For the first year, our Middle School offered Girls Who Code as an elective for 7th and 8th graders. Suggested by Lilly Baker ‘23 who heard about the program through her family, this elective teaches basic computer coding principles within the framework of a larger goal or purpose. The inaugural Girls Who Code class chose the theme “Bettering Ourselves: Mental Health and How to Improve It” to frame each of their projects. This elective is about more than just learning to code. It’s about working together to make a positive difference in each other’s lives and the greater community.
What is Girls Who Code?
Girls Who Code is a national non-profit working to close the gender gap in technology. Their goal is to create a sisterhood of supportive peers and role models that use computer science to change the world. The organization encourages girls to impact their communities in positive ways through code.
Sisterhood, Code and Impact
The three basic elements of the Girls Who Code curriculum are sisterhood, code and impact. Middle School math teacher Ms. Rachel McMahon modified that to form the basis for our elective at Severn. At the beginning of the quarter, the class chooses a theme that they care about and that can help make the world a better place. They then learn about the impact female coders have made throughout history and around the world, take self-guided tutorials to learn basic programming skills, practice essential project management techniques and work together to create their final projects. The goal is to put all of these projects together to form one cohesive website at the end of class. The girls work in pairs or groups to create:
an interactive magazine
an informative app
or a quiz game
“On the Girls Who Code HQ site, you pick which tutorial you want to follow. The tutorial explains what everything is and walks you through it so you can build your project at the same time; it’s side by side. I like that you have the freedom to make whatever you want. My dad was the one who told me about Girls Who Code and I asked if we could try it at Severn.” — Lilly Baker ‘23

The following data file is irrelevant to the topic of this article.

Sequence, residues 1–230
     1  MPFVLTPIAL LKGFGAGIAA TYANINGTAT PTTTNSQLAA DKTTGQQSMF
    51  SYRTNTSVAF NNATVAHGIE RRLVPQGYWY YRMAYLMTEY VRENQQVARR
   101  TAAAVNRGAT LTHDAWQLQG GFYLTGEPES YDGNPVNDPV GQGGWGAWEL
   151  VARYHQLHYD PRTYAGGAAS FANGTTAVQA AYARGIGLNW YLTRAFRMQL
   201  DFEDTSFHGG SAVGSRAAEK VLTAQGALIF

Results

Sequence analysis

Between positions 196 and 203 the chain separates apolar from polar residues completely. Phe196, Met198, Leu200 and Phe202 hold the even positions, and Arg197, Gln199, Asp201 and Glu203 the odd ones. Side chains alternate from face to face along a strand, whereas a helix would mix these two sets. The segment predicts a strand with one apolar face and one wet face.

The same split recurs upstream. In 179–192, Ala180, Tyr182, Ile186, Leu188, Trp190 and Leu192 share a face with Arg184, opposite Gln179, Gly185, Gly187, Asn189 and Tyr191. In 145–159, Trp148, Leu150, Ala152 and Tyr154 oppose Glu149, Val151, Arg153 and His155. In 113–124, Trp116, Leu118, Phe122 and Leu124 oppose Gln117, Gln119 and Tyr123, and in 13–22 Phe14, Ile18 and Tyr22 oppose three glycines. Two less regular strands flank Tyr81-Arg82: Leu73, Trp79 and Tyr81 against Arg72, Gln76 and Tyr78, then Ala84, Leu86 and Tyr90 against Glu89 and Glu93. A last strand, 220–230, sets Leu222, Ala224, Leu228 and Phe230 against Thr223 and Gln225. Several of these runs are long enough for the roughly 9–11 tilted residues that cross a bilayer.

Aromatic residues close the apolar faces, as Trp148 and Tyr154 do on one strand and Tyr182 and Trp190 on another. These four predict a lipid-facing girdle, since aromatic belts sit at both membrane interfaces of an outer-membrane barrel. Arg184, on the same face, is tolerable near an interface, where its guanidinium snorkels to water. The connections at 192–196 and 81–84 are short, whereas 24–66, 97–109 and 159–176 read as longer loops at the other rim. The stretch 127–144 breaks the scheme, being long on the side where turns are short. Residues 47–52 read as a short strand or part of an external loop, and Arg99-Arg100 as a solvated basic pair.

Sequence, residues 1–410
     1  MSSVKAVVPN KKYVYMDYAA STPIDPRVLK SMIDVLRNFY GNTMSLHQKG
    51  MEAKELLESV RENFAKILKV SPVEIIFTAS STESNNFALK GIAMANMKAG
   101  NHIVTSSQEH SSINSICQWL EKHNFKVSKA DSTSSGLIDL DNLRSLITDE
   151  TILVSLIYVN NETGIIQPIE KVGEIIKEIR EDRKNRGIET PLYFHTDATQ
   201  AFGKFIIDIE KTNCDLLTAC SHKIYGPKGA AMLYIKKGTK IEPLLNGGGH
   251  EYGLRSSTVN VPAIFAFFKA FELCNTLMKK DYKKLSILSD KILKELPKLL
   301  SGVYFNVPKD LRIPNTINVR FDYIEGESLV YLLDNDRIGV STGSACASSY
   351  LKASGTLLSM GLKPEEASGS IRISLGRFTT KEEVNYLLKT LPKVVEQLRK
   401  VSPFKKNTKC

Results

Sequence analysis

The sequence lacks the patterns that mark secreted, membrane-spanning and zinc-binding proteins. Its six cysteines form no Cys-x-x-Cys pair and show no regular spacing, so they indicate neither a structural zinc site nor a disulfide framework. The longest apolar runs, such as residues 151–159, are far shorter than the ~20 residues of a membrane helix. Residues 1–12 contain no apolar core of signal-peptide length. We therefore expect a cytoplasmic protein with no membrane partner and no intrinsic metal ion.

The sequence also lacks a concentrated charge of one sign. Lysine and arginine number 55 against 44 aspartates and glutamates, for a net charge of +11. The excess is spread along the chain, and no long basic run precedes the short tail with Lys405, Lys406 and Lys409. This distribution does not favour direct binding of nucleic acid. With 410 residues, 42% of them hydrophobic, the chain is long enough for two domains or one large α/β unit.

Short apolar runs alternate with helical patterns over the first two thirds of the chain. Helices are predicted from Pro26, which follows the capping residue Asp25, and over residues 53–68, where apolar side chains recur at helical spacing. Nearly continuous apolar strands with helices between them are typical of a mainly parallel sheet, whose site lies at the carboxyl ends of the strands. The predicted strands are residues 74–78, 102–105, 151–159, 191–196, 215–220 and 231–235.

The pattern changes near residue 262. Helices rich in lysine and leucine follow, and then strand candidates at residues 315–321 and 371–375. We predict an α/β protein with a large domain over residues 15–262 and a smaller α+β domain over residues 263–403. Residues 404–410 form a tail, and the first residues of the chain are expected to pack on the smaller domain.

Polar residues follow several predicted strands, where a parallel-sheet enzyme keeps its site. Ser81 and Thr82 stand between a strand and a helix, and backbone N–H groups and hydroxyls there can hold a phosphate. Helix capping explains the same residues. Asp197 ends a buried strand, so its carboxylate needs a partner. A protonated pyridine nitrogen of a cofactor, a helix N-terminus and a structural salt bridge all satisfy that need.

Project-based Work That Builds a Supportive Community
Any 7th or 8th-grade girl can sign up for this elective. Some in this group had previously taken Ms. McMahon’s other coding elective, Intro to Computer Coding and Programming, while others had little or no experience. The environment of the class is very supportive, those with more experience help others with less. Ms. McMahon circulates the room to offer suggestions while the girls ask each other questions to figure their way through the code.
“I signed up for the class because I’m interested in technology and it’s cool to learn how websites are made. We are making a fun animation with Scratch that will hopefully make people feel happy when they watch it. This is my first time coding. I like following the tutorial and being able to code right away.”— Aliza Monaldo '24
“I’m making an info app using Thunkable. My app will give people tips on how to feel better about themselves...things like advice on how to stay calm, eat healthier and exercise. This is my first time coding and it’s been a little difficult so far. This is not stuff that I am familiar with but it’s really fun.” — Jess Wilson ‘24
“When I was in 7th grade, the coding class had a majority of boys. There were only three girls so it was hard being in that class because you couldn’t really express yourself the way you can here. This class is more open-ended and it helps you focus on an issue. I like that.” — Emma Ripley ‘23
“Because the overall goal is to create multiple projects around a theme and incorporate those into a website for the whole class, it’s more goal-based than my other coding class which is more skills-based. The overall concepts they are learning are important — collaboration, organization, and learning by doing. This was my first time teaching this specific curriculum. I’ll continue to develop and modify it to make sure it works best for my students at Severn. ” — Ms. McMahon